City council member Wesley Bell looks back on the past year since protests and violence swept the Missouri city.
The mother and sister of a Staten Island teen who recently committed suicide are taking to the site to express anger at the bullies they blame for pushing 15-year-old Amanda Cummings over the edge in December.
Facebook is also where Cummings apparently had been hinting at her problems and depression.
Should Facebook have intervened?
Facebook says it is trying to help users who may be feeling suicidal. The site has a new tool aimed at getting those considering suicide help.
“The new service enables Facebook users to report a suicidal comment they see posted by a friend to Facebook using either the Report Suicidal Content link or the report links found throughout the site,” wrote U.S. Surgeon General Dr. Regina Benjamin in a post on Facebook’s Safety Blog.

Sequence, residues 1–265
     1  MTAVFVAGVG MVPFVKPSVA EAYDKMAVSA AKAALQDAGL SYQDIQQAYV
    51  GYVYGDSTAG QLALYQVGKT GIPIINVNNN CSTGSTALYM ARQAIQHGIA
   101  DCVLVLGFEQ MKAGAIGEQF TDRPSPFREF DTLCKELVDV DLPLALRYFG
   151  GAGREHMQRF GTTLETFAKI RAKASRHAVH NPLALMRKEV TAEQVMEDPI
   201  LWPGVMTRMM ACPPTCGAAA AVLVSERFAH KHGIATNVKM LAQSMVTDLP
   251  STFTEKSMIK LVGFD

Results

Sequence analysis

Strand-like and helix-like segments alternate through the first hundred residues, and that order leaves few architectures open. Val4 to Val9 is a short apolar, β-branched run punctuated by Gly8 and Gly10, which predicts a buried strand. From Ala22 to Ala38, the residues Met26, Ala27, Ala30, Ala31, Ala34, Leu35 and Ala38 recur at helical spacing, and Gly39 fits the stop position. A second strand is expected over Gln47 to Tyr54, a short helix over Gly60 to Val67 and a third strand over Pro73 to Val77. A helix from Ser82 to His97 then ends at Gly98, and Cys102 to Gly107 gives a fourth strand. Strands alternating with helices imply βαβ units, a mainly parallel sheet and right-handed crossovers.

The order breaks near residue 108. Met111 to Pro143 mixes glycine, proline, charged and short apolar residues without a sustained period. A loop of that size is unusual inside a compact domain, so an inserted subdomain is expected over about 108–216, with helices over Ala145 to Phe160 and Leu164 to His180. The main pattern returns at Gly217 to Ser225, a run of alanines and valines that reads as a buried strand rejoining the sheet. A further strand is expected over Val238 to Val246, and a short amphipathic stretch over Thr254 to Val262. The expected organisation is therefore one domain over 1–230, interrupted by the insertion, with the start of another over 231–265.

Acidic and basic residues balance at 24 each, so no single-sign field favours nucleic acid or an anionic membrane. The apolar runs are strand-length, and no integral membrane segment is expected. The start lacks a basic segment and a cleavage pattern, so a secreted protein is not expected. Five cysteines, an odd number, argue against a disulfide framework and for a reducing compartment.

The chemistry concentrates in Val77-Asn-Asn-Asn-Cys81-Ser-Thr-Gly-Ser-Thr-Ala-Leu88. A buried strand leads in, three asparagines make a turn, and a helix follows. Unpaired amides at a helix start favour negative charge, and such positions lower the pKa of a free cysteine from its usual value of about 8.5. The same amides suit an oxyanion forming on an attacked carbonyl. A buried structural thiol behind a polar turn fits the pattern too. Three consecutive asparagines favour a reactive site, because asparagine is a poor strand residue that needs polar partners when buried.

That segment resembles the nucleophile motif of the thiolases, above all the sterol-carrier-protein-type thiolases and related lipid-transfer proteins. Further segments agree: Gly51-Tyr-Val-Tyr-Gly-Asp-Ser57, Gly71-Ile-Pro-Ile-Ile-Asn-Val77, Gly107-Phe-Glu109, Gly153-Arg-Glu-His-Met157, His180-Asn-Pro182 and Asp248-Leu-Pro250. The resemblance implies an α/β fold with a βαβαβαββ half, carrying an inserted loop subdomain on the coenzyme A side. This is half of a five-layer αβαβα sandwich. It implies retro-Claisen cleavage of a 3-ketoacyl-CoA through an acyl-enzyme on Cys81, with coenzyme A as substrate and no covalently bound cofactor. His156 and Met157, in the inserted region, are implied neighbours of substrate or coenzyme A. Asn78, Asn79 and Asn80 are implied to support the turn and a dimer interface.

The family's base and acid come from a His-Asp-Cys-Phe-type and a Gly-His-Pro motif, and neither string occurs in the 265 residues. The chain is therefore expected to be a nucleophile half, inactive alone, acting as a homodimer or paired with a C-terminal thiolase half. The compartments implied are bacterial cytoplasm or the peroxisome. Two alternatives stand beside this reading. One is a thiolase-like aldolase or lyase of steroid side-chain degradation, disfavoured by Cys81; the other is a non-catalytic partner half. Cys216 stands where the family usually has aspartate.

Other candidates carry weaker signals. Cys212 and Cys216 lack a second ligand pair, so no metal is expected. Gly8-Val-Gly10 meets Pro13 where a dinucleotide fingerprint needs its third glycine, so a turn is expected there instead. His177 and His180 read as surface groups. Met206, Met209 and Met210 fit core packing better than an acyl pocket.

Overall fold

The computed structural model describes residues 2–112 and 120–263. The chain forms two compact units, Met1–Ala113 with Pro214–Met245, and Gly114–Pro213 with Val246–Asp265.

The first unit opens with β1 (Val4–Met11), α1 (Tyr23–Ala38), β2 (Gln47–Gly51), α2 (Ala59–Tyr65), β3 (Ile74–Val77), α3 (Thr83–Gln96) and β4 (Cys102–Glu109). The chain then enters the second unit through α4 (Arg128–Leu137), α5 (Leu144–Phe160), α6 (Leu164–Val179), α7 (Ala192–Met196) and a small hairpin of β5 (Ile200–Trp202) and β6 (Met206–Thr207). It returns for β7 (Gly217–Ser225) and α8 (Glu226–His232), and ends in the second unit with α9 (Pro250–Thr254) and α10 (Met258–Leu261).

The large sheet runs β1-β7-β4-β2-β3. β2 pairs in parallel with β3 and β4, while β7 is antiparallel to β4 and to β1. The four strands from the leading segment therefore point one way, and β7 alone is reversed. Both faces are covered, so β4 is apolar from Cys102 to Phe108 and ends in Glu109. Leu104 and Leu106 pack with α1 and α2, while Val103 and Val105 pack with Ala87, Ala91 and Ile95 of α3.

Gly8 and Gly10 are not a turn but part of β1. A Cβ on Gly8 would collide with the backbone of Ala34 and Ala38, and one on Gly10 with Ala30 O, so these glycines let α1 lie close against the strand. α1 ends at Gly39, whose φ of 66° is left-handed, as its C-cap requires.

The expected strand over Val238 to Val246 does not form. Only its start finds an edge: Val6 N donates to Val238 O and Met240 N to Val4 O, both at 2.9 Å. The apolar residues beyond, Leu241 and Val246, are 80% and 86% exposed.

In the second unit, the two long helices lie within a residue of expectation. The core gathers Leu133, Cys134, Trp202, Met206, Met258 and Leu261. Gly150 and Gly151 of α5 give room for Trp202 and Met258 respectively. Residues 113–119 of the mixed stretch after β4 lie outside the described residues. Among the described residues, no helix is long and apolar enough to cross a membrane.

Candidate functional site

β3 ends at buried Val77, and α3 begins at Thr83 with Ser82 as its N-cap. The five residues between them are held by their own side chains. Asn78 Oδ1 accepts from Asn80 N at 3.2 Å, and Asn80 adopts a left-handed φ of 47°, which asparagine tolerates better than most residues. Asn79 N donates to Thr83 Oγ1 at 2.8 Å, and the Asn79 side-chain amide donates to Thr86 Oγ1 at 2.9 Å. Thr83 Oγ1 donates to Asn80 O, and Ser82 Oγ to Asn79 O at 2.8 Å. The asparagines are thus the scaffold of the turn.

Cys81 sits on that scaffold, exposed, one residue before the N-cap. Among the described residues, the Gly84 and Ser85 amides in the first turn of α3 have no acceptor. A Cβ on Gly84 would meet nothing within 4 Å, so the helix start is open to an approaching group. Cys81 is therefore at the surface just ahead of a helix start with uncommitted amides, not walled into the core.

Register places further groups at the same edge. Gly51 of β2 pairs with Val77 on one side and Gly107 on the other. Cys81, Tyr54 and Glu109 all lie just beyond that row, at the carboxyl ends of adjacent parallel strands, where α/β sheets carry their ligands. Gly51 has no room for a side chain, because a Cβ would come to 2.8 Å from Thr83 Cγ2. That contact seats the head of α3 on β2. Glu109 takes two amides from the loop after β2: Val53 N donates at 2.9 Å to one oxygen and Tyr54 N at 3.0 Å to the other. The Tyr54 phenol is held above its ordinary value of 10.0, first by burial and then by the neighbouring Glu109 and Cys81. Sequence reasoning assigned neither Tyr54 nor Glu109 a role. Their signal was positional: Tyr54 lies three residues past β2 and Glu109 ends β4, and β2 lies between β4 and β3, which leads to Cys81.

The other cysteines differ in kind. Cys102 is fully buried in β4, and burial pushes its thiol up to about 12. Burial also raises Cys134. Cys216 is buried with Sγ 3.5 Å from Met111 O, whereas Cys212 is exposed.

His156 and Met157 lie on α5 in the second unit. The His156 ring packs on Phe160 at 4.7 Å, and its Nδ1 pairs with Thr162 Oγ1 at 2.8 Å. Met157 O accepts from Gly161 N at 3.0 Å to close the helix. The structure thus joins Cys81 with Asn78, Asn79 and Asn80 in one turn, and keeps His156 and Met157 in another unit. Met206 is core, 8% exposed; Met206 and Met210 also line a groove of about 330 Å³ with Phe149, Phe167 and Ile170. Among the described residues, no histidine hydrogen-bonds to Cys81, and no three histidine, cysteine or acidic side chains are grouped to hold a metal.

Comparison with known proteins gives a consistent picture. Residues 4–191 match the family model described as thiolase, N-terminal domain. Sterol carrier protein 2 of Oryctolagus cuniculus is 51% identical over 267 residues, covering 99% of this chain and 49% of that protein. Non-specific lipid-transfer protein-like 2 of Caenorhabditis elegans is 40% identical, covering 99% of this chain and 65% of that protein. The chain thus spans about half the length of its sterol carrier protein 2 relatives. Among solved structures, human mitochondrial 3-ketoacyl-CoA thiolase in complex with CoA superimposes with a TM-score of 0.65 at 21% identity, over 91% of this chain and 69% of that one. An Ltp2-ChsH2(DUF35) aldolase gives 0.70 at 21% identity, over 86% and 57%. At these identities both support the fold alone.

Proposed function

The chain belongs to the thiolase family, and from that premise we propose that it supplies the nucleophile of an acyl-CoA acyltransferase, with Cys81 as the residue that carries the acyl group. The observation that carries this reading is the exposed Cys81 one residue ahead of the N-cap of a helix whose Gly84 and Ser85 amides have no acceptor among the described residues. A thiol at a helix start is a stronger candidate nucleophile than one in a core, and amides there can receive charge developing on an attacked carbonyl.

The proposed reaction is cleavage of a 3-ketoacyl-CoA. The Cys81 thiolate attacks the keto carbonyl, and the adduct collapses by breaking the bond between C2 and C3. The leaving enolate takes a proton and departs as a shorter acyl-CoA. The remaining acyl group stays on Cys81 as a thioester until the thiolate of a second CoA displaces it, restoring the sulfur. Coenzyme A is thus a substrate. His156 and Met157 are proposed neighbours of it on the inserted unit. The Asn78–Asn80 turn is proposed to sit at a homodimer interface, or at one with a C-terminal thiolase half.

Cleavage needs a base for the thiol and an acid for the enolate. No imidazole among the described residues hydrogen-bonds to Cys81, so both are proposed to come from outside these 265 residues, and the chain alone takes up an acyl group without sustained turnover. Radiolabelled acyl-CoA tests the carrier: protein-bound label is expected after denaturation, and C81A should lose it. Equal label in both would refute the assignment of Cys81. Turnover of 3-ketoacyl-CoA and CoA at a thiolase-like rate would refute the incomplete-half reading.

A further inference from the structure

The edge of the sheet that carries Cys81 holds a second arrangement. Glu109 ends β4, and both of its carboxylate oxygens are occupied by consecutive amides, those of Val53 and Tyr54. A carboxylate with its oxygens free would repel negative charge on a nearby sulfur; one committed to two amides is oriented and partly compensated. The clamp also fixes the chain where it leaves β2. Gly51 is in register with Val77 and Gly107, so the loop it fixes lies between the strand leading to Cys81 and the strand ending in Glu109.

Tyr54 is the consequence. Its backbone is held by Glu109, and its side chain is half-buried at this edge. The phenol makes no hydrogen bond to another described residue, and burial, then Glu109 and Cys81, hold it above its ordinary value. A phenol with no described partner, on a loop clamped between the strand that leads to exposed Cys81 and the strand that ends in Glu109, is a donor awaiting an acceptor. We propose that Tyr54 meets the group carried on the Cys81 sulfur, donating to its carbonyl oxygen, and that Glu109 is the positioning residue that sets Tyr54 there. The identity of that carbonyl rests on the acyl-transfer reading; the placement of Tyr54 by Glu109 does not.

But some are concerned that Facebook users privacy may be compromised.
Psychologist John Grohol says Facebook’s service is an important service, but he has concerns. “It’s a well-intentioned effort, [but] it needs to be refined,” he told Here & Now‘s Robin Young.
Grohol says that most people who signed up for Facebook did not sign up for Facebook with the expectation that it was a health mental service.
He writes Facebook “is suddenly your very own paternalistic health buddy.” He continues:
In the world of mental health, even the fact that you’re seeing a mental health provider is considered privileged health information… By sending a well-intended email to the user’s private email account, Facebook is exposing your email account to personal health information that I doubt most Facebook users ever imagined Facebook would be providing. In this case, the personal health information is that you are someone who may be depressed, suicidal and in crisis. In most cases, the assumptions that Facebook and Lifeline have made about a person’s email are probably accurate — that a person’s email is private. But in some small minority of cases, that may not be the case. The email address may be shared, or it may be monitored by a concerned parent (or by a nosy spouse or partner).
Experts share a range of perspectives on how to combat the Islamic State militant group, and the role the U.S. should play.